This book is an interesting source for its discussion of the features of the new genre ‘bioart’.Although Robert Michell uses bioart primarily as a case-study though which to examine or redefine ‘media’ (as a term that connotes both a site of growth and a means of communication), there are some areas of discussion of the fundamental qualities of bioart and it’s critical reception that were useful to me.

The book defines bioart as art that uses biotechnology in its processes and material. This includes encouraging biomaterial (life) into particular shapes or behaviours, and keeping it alive for an exhibition. In this respect, my project is bioart.

Something I found particularly interesting was the references to bioart as a transgressive form of art, pushing at the boundaries of what qualifies as art. It feels that I am always operating at these boundaries in my practice- in fields that must ‘prove’ (or otherwise not care) that that are a part of contemporary art. While this can sometimes be frustrating, I also think it is incredibly exciting: all of art history is built on new movements that were first rejected and then absorbed into the canon.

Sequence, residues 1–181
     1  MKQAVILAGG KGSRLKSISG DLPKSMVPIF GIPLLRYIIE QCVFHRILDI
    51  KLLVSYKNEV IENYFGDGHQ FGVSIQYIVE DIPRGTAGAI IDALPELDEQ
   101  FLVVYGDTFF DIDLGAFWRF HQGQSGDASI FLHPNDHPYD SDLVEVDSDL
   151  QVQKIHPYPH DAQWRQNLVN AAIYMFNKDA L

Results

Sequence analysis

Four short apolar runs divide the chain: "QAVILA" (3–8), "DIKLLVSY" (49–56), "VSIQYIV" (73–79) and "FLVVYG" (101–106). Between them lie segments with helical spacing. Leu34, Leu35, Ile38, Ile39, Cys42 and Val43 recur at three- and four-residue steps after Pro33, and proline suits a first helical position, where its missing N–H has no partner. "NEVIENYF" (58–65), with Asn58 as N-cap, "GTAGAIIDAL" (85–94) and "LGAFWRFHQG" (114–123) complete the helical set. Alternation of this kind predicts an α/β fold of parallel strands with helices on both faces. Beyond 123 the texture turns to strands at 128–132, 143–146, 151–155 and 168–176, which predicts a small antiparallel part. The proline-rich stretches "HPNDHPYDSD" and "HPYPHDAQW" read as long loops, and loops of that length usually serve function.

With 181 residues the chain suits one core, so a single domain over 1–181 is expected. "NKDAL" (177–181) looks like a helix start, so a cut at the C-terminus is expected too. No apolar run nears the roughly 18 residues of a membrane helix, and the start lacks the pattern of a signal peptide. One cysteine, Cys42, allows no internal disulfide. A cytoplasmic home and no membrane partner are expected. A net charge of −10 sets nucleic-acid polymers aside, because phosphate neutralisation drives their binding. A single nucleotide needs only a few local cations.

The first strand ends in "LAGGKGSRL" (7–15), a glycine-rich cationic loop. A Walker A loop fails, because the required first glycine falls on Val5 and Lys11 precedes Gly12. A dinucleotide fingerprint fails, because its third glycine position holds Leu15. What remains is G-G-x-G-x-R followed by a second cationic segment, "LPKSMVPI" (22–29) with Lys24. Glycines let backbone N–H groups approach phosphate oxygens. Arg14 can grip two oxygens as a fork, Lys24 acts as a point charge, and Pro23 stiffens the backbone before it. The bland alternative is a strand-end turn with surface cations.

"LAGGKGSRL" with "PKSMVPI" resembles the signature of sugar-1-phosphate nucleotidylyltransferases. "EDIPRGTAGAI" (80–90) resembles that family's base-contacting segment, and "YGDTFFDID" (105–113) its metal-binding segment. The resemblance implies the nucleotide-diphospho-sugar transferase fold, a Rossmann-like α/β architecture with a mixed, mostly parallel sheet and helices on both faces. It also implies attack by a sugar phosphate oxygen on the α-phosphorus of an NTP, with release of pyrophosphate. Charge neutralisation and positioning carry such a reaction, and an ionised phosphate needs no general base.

“[bioart offers] unprecedented possibilities for art… a logical next step in contemporary art… [which can] credibly claim to have made a more revolutionary break with tradition” (Kac, quoted in Mitchell)

Another interesting reflection offered by Michell is the difficulty in creating projects between science and humanities in higher education institutions, owing to differences in pay, strain on resources, and requiring the necessary ability to make the project attractive to bureaucratic bodies. This reflection is interesting to me in terms showing how unique the SciArt module is, and also provides a checklist of things to consider when designing cross-disciplinary projects in the future.

Bioart definitely offers up opportunities to bring new audiences to both art and biology, and to relate the real-world applications of both fields. However it is the conceptual utilisation of biotechnological materials that defines bioart, so I feel that also links to the work of Adam Zaretski, who’s interest in these materials critically avoids utilitarianism and usefulness.


Michell, R. (2010). Bioart and the Vitality of Media. Washington: University of Washington Press